Johannesburg - Ministers and ANC politicians were on a communication lockdown on Thursday in the wake of the announcement that Finance Minister Nhlanhla Nene had been axed.
The announcement that a new minister had been appointed was met with shock and disappointment, and has sent the Rand plummeting.
This also comes at a time when the country could be facing "junk" status.
President Jacob Zuma announced late on Wednesday that he was replacing Nene with relatively unknown ANC backbencher David van Rooyen.
Less than 24 hours after the announcement, speculation was rife that more ministers could soon be facing the chop.
According to a report, this included Minister in the Presidency Jeff Radebe, Trade and Industry Minister Rob Davies and Higher Education Minister Blade Nzimande.
Attempts by News24 to get hold of Radebe and Nzimande regarding the report were unsuccessful.
Davies, who was briefing reporters in Cape Town on Thursday, could not escape questioning.
However, the minister would not be drawn into speculating about if he would be one of the next ministers to lose their job.
"Ministers' jobs are at [the] pleasure of [the] president," he said.
"If and when [Zuma] makes the call, that's when I'll be able to talk about it. At the moment, I am still minister of trade and industry. I am doing the work of the ministry and it is business as usual for me."
African National Congress leaders were also unreachable, with many of them turning their phones off.
The ANC sent out a short statement on Wednesday night, saying it respected the president's decision.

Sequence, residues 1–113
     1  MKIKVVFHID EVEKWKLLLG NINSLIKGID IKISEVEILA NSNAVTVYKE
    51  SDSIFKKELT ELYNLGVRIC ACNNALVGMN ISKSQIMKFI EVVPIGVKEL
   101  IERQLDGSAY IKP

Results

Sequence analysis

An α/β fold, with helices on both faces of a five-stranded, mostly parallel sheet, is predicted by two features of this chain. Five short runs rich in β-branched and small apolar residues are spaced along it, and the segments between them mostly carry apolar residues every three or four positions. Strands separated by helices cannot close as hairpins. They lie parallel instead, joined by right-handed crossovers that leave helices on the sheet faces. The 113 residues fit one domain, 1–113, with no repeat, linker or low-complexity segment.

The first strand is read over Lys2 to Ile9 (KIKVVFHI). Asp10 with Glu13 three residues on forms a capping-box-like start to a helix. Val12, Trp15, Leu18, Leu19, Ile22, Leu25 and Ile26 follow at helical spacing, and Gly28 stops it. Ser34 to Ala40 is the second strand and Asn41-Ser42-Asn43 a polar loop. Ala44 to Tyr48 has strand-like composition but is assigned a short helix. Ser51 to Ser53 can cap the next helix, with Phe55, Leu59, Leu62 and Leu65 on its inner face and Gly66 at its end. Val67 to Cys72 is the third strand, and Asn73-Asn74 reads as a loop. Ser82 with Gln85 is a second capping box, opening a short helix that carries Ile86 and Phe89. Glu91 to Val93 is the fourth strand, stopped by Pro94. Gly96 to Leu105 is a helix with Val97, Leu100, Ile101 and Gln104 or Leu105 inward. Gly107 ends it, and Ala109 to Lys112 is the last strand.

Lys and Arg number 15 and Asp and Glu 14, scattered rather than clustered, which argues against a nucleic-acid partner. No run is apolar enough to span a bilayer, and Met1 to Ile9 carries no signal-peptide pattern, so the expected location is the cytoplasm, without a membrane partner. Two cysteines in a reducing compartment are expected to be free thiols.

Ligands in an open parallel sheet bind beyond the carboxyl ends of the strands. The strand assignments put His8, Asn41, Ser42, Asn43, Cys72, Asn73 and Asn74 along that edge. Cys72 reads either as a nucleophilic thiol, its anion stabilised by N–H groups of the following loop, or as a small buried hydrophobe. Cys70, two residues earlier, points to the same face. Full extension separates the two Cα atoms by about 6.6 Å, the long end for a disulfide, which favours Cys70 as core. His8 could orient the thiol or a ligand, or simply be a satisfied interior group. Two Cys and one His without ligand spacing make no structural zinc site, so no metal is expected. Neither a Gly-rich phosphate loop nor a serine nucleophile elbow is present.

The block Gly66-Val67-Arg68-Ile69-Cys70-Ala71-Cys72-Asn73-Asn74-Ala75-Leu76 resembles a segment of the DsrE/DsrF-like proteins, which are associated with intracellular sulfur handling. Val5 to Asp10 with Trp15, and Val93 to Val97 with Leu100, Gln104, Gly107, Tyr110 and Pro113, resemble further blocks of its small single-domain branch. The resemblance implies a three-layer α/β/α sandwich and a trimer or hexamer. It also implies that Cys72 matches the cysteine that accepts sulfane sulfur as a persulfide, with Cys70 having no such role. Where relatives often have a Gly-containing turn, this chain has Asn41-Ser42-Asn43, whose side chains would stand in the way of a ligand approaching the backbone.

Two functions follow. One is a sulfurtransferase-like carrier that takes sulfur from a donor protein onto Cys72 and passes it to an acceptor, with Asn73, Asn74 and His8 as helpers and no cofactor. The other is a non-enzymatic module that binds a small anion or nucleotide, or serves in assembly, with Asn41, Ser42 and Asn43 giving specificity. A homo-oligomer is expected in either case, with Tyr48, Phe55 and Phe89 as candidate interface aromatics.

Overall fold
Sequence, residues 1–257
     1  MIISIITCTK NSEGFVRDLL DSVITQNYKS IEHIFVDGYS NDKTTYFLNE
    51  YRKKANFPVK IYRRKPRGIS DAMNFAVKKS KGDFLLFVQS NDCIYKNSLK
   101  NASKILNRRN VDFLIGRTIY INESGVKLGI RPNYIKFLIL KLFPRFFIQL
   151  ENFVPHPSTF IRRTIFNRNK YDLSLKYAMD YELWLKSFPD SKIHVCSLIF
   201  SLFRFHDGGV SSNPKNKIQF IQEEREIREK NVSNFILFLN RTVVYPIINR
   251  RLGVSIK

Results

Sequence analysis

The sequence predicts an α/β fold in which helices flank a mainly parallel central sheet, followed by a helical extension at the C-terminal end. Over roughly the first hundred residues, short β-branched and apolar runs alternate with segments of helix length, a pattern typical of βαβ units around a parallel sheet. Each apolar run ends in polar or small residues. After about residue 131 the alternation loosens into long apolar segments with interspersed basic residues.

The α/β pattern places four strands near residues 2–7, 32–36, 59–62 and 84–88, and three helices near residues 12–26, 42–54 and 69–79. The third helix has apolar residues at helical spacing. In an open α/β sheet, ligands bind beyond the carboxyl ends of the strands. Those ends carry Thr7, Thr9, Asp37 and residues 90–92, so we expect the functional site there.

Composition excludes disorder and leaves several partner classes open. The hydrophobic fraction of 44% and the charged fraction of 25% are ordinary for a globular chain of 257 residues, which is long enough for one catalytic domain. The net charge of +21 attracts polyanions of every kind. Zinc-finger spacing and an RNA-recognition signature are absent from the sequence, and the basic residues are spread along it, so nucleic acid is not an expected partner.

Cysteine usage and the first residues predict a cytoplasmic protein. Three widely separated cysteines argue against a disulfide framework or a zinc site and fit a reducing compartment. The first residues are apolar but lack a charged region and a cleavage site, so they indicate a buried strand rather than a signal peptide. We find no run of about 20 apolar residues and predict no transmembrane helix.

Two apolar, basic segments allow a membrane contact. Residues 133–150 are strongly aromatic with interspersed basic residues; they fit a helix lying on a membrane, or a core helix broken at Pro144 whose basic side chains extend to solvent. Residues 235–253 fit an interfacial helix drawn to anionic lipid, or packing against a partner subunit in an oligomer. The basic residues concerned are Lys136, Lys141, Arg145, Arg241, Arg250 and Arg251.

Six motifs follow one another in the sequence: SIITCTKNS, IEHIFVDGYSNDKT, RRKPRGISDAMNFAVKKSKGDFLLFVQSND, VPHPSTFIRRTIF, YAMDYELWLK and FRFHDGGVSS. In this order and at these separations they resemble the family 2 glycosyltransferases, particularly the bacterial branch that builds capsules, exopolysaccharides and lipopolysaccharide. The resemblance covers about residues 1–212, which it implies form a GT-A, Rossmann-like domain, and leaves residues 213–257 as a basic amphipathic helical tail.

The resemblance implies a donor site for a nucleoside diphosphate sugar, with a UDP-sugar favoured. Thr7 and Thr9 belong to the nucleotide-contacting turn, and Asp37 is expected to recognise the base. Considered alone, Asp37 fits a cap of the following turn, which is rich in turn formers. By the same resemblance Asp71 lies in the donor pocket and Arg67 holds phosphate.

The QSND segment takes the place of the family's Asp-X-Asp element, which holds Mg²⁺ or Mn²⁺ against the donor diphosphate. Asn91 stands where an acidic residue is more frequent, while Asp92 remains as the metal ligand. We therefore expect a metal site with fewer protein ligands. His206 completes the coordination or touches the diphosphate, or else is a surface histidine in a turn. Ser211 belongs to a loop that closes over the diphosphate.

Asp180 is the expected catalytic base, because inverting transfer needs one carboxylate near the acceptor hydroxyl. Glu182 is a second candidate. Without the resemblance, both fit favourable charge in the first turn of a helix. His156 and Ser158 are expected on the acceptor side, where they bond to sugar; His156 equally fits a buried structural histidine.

"The President has exercised his Constitutional prerogative to appoint a new minister who we believe has what it takes to lead the ministry," party spokesperson Zizi Kodwa said at the time.
Despite the ANC saying it is happy with the decision, it's alliance partners seem to think differently.
'Shocking, disconcerting and ill-timed'
The Congress of SA Trade Unions said the move to get rid of Nene was shocking, disconcerting and ill-timed.
The SA Communist Party sent a short statement which merely said that the party had noted the decision, but fell short of welcoming it.
Any decision to reshuffle the Cabinet again might have to wait, following the major outcry over Nene’s "redeployment", analysts have said.
Political analyst Somadoda Fikeni on Thursday said the rumblings of more reshuffles might have to be put aside until the furore dies down.
However, he said Zuma was unpredictable.
"Nothing is impossible at this stage."
"It has been said that some of the actions of the Presidency, and the stealthiness with which he removes Cabinet ministers is about shocking people to numbness so that it does not matter who he puts up next.”
Political analyst Daniel Silke said this might not be the right time to do more Cabinet reshuffling, no matter how deserved.
"There is always good opportunity to remove the deadwood from cabinet. But whatever reshuffle might come, it will be overshadowed by the inept timing and manner in which Nene’s dismissal was made."